Drugs sometimes work and sometimes don’t, despite having clinical evidence for their effectiveness and regulatory approval to be sold. Why? Some new research suggests that gut microbes might be in the frame. We check out the research and ask what now? 

3D Image of Simvastatin

3D Image of Simvastatin Source: Wikipedia

Some Context

Statins are used by millions of people to reduce cholesterol and the risk of atherosclerosis (clogging of arteries with cholesterol). Their effectiveness is not universal having the puzzling ability to work for some but not others. This was the focus of some research published recently that uncovered a possible relationship between gut microbes and the effectiveness of simvastatin. Some context first though.

We’ve known for many years that gut bacteria breakdown parts of our diet. Fibre is a great example. If these components don’t get absorbed in the first part of the gut (the small intestine) they will travel on to the large intestine and encounter these microbes where they get broken down. The resulting smaller compounds might be excreted (gas is a good example) or are often absorbed, enter circulation in the blood and might then have further biological effects.

We’ve suspected for many years that the same might be true for drugs. Predicting effects for individuals can be difficult because the composition of gut bacteria or more correctly, gut microbiota, varies between people. In fact at a very fine level of detail it might even be unique between individuals. That presents a difficulty for drug developers and patients alike because that means taking a drug is a bit of a gamble. Overall, clinical trials will indicate that the drug works but that is at a population level. When it comes to you, me or anyone else, it might work or it might not. It makes swallowing the pills just that bit harder.

The Study

That is the situation with simvastatin which was the focus of the study I’m going to guide you through here. The study was published recently in the journal PLoS One and was led by Dr Rima Kaddurah-Daouk at Duke University Medical Center (although did involve a number of other collaborators).  Involving a total of 148 subjects, the study basically is looking at correlations between certain metabolites in the blood that are involved in cholesterol breakdown and use and cholesterol levels before and after taking simvastatin.

What they found was that lower starting levels of certain bile acids (which act a bit like soap in the blood stream binding to fat) correlated with a greater response to the LDL cholesterol lowering effect of simvastatin. So, basically that means the effectiveness of the drug correlated well with levels of bile acids in blood. Equally they found that in groups of patients with either very strong or weak responses to simvastatin there were different profiles and correlations of bile acids. The significance of this is that in some cases these bile acids are exclusively produced by only certain gut bacteria.

What to make of this result

The hypothesis that is provided to explain the result is that because bile acids and statins share transporter routes to the liver and intestines (meaning that they are essentially in competition with each other to get a lift) suggests that producing more or less of certain bile acids could improve the effectiveness of the drug. That is probably reasonable based on the data presented in the study. But remember, certain bile acids are the domain of certain gut bacteria which means we are looking at altering a bacterial ecosystem in our gut to try to get that effect.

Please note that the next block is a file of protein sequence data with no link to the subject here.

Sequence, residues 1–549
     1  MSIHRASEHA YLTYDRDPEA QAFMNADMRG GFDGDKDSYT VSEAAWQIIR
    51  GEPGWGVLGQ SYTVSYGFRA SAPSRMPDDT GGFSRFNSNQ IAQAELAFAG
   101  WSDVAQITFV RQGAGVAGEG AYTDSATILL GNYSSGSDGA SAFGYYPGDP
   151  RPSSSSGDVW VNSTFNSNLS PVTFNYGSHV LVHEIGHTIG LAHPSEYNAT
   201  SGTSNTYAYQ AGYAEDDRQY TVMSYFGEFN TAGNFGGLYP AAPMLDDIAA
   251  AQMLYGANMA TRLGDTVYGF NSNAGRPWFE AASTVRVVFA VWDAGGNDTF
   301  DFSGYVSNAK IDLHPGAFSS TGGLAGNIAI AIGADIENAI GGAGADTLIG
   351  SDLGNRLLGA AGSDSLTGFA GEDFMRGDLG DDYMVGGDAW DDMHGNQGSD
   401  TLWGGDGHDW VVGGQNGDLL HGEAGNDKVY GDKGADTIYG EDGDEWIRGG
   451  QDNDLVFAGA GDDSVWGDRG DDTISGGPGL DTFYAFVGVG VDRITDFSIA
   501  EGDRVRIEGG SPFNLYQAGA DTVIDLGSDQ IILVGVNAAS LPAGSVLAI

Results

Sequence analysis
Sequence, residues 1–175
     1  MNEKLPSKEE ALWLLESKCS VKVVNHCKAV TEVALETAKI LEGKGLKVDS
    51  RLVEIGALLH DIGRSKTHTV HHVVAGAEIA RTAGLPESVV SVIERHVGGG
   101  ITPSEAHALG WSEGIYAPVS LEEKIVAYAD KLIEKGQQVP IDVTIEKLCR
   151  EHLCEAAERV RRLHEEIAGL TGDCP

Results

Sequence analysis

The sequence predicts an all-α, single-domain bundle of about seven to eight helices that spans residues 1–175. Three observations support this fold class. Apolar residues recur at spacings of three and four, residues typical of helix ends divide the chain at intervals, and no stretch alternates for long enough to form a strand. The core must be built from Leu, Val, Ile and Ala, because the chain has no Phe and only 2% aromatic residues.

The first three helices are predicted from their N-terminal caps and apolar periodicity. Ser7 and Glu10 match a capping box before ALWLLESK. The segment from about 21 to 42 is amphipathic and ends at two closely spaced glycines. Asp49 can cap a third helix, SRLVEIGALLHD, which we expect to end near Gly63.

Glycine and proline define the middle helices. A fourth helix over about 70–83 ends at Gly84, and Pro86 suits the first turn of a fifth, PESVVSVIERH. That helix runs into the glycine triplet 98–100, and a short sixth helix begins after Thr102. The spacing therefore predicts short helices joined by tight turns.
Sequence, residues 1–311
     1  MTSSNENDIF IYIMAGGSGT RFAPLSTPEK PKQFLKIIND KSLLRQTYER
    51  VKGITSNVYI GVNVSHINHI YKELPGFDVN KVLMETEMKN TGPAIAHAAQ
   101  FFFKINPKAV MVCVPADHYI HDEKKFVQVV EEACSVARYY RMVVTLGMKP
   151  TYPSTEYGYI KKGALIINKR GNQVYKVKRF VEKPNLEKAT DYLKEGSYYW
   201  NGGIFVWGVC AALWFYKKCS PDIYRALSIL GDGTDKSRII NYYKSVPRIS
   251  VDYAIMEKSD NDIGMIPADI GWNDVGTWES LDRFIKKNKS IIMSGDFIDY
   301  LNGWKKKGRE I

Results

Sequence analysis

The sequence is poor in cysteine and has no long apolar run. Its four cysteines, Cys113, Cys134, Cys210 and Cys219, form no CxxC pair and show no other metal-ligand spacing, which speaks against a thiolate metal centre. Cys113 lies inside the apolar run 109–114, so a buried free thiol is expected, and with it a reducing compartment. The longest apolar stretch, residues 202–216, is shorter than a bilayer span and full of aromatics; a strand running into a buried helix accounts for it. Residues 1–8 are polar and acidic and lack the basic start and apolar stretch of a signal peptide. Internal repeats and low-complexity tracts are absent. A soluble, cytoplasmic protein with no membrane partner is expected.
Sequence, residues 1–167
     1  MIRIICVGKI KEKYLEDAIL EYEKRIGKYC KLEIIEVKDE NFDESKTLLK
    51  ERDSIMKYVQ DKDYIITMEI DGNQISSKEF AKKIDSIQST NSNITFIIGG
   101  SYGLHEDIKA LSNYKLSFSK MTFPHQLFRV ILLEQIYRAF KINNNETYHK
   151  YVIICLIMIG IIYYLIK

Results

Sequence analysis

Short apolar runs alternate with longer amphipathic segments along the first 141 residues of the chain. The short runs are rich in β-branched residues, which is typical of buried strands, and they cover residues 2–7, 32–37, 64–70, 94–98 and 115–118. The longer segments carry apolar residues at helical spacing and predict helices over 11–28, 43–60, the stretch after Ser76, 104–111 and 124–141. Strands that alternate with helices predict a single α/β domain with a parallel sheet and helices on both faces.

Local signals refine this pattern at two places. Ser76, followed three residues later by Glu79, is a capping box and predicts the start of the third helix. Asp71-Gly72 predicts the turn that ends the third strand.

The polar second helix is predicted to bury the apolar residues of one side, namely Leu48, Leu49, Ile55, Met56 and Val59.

This point is not lost on the scientists involved with them suggesting that patients with a certain microbial profile might benefit more strongly from simvastatin. That is fair. They also suggest that a quick blood test could be developed to screen patients for these microbial bile acid profiles to get an indication of whether simvastatins are likely to work. That’s also probably fair and is interesting from the perspective of prescribing drugs to give the best patient outcome.

Finally, they suggest it might be possible to develop probiotics to alter the gut ecosystem to allow patients to respond more robustly to the drug. That is a fair summise to make but a serious undertaking. Let’s pick this over to see why. First of all, correlation is not proof of causation. For example there is a correlation between the expansion of the Universe and the long term trend of the amount of money we have in our pockets. Of course, one does not cause the other. They are not linked. In this study there are plausible biological connections described but to get to the stage of having an ingestible probiotic aimed at modifying the effect of the drug would require considerable work. It would require proof that a specific strain of bacteria (which still needs to be identified), added to an entire microbial ecosystem in the gut can alter bile acid profiles in humans (this is the mechanism, which would still need a lot of lab work and probably animal studies… oh yes, and there is the dose to consider) and proof that doing this alters the effectiveness of the drug and finally the end point (cholesterol lowering). In the final stage, that would have to be done in a series of clinical trials that demonstrate safety first and then efficacy. If it ever got to the stage of commercialisation, there would then be a series of post launch monitoring studies. From experience I can tell you that this will take time and a significant investment.

From the perspective of personalising medicine (i.e. tailoring the effectiveness of a drug to you) this study is very interesting. As the scientists point out though, it is very early stage research. I hope you now see why.

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